Wrong. It seems that with “A Scandal in Belgravia,” Sherlock decided that it couldn’t continue that whole faithfulness and respect for the source material thing, because that would just be boring. After all, what does A Scandal in Bohemia have to offer but a brilliant, competent, and aloof heroine in Irene Adler? And we all know that women who are simply smart and powerful just don’t fit in on television. They need to be incredibly sexy too. Let’s make Irene Adler a dominatrix! What a great idea! This is of course, my imagined writing room dialogue as season two was being put together. I have a feeling it’s pretty accurate.
Okay, some background: 1891’s A Scandal in Bohemia had Sherlock Holmes and Dr. Watson trying to retrieve a photograph from a Miss Irene Adler. Adler, an American adventuress and acclaimed opera singer, is using the photo to blackmail the King of Bohemia, who is by all evidence a jerk, and probably deserves it. Holmes, prior to the story, harbored some pretty sexist ideas regarding the intelligence, or in his opinion, lack thereof, of women. He thinks the case is open and shut and comes up with a foolproof plan to get the photos back. Unfortunately for him, he doesn’t account for Miss Adler being brilliant; smarter than him, actually. With some clever gender bending undercover work, she beats Holmes at his own game and wins the day. Holmes is impressed, relinquishes himself of his sexist assumptions, and ends up as close to in love as his personality could ever allow. It’s pretty awesome.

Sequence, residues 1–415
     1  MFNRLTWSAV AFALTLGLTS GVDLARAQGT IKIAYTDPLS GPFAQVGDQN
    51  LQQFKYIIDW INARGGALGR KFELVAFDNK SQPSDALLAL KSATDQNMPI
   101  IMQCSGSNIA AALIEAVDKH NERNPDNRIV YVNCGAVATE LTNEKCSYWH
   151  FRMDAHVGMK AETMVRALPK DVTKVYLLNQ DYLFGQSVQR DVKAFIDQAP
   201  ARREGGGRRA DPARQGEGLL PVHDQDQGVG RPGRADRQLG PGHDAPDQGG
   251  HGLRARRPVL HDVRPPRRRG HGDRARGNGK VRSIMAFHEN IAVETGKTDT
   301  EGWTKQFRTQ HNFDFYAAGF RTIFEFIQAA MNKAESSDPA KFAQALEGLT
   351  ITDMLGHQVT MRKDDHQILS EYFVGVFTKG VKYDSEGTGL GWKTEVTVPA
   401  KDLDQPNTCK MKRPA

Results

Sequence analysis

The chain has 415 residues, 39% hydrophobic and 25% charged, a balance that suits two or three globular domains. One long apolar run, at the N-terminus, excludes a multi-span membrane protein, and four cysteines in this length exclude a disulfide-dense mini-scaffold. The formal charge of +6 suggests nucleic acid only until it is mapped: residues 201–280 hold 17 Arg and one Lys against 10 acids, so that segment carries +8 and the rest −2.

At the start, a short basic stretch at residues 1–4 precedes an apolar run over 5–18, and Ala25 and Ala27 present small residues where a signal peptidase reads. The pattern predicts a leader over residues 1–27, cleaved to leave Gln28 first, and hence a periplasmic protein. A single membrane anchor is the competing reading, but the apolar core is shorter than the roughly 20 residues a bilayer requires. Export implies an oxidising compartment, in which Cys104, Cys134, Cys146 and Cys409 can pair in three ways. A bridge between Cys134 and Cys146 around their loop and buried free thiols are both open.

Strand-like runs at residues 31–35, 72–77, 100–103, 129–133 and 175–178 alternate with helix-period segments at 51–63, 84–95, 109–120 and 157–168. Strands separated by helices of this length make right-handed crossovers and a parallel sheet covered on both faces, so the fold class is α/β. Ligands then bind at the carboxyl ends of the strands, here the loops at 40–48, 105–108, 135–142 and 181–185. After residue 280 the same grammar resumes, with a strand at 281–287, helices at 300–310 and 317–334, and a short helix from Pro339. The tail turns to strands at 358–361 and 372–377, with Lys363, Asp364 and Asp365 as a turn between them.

Now, let’s examine the way Moffat & Co. have adapted the story. Ms. Adler is no longer American, which I’m okay with, but she has also gone from an adventuress and the toast of La Scala to a dominatrix. Now, before anyone jumps on me for being anti-sex/sex work, let me assure you that I have no problem with a real woman choosing to be a dominatrix or anything else for that matter. But this is a work of fiction. And the person or people who decided to make Irene Adler a dominatrix may hide behind the excuse that she is an “empowered woman using her sexuality to her own advantage,” but they honestly chose to do it because it means leather and lace and the chance to sexualize Irene. Also, the chance for her to introduce herself to Sherlock in the nude. That was a nice touch.